• Proposed monthly housing payment
  • The total of all of your payments
  • The total of all finance interest charges
  • Late payment fees and charges
  • Pre-payment penalties if applicable

Since the inception of the SAFE ACT, pre-payment penalties cannot be charged by residential mortgage companies.

Settlement Costs And Information

Another disclosure loan originators need to disclose is the Settlement Costs and Information booklet:

  • This was developed and issued by the United States Department of Housing and Urban Development
  • The purpose of this booklet is to explain to consumers the types of fess and costs a consumer is likely to incur for taking out a home loan they are applying for

The Loan Estimate

The purpose of the Loan Estimate or LE is to itemize and break down the overall settlement charges and costs.

  • Most Lenders over disclose the estimated fees and costs on the LE
  • This is because if a loan originator underdiscloses, they need to cough up with the fees and costs
  • This holds true even though they have nothing to do with the third party charges
  • Any charges or costs of 10% over the charges or costs listed on the Loan Estimate, the lender is responsible for those charges

Here is the items that are listed on the Loan Estimate:

If the lender is planning on selling the loan servicing rights to the home loan, which is collecting and managing monthly payments and escrows, the mortgage company also needs to disclose the Transfer of Servicing Disclosure Statement.  This mortgage disclosure informs borrowers about the mortgage company’s potential right to transfer the right to service the mortgage loan to a different third party servicing mortgage lender.

Initial Escrow Account Disclosure

The Initial Escrow Account Disclosure needs to be disclosed to the mortgage loan borrower.  The initial escrow account disclosure will state the following:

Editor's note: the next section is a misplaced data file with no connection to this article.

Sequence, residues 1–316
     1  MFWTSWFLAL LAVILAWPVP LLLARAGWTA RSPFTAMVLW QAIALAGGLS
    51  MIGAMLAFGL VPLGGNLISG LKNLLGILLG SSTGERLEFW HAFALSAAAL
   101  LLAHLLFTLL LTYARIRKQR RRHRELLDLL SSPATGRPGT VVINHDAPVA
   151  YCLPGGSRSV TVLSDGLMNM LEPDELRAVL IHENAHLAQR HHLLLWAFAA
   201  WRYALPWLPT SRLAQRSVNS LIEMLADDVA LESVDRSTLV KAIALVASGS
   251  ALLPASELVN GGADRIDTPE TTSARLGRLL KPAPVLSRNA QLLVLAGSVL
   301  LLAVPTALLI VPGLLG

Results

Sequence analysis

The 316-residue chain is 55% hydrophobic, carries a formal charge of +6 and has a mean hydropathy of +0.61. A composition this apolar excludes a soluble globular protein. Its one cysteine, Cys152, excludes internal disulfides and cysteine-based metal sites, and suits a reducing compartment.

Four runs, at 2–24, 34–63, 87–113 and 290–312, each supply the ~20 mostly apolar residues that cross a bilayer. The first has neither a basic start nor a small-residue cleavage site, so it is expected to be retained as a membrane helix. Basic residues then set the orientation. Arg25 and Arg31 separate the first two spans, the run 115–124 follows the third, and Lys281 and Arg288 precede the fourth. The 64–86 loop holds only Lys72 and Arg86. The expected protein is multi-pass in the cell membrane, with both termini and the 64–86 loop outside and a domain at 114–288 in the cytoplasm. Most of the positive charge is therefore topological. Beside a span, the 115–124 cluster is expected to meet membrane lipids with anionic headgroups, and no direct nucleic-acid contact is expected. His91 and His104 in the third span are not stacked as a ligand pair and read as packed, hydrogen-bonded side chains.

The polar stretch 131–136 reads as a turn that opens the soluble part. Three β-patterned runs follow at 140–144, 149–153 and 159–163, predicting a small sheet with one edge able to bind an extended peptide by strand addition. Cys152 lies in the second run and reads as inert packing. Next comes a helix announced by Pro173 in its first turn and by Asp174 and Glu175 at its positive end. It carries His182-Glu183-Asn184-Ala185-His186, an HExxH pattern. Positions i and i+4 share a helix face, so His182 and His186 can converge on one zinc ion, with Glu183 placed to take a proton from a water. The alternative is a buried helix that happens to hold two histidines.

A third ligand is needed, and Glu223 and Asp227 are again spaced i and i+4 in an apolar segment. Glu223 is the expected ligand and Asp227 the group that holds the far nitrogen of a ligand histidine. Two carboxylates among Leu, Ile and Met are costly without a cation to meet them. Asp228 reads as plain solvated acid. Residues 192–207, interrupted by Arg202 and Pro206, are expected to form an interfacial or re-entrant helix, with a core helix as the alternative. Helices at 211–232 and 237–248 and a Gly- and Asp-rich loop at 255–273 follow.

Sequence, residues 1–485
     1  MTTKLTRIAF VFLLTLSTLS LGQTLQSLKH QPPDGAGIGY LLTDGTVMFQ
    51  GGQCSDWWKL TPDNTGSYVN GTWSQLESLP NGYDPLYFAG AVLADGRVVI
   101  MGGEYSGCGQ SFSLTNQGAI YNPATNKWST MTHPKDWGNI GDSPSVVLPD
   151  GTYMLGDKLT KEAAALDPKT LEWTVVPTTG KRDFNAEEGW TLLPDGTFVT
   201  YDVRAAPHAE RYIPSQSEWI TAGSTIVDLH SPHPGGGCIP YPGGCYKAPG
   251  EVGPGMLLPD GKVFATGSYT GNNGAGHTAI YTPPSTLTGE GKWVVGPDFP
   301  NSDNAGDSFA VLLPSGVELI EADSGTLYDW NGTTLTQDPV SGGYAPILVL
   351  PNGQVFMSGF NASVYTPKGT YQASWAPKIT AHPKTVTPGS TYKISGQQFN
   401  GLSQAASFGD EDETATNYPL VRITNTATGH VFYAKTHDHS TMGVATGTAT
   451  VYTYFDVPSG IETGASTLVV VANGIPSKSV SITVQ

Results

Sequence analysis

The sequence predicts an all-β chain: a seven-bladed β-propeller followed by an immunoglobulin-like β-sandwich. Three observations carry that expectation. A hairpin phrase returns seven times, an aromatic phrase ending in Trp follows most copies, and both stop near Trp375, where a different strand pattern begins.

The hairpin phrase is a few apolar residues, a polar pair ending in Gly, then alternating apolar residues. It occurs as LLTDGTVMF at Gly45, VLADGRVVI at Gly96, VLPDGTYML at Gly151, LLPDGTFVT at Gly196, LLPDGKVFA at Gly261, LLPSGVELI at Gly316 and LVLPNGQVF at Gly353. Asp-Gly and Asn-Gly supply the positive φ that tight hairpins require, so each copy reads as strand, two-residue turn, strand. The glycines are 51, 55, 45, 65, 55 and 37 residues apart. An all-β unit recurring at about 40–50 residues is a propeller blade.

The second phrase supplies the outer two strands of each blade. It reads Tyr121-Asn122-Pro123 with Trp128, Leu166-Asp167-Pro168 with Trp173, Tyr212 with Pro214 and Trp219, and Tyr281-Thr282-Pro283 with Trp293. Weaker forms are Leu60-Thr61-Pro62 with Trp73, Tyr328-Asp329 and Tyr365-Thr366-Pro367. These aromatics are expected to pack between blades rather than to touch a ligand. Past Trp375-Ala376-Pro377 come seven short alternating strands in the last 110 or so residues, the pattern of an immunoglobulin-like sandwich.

• Borrower’s escrow account requirements
  • Cash from borrower due at closing

Post Closing Mortgage Disclosures

Once borrowers have closed on their home loan, their loan originator will provide borrowers with another set of mortgage disclosures for them to review and sign.

  • Borrowers will need to review these new docs with the initial sets of disclosures that were given earlier
  • If you see any drastic differences between the two documents, then notify the loan originator to explain the discrepancies

Final CD Of Settlement Costs

The Final Closing Disclosures of Settlement Costs will disclose the final costs and settlement charges and the final closing expenses incurred by borrowers. Borrowers will also get a private mortgage insurance disclosure which specifically explains the terms of private mortgage insurance and the benefits to the lender.  Appraisal notice disclosures need to be disclosed to the borrower as well that states consumer right to obtain a copy of an appraisal report.

Income Documentation And Qualified Income

Qualified income is one of the most important factors during the mortgage process. The following income documents are required by the mortgage underwriter: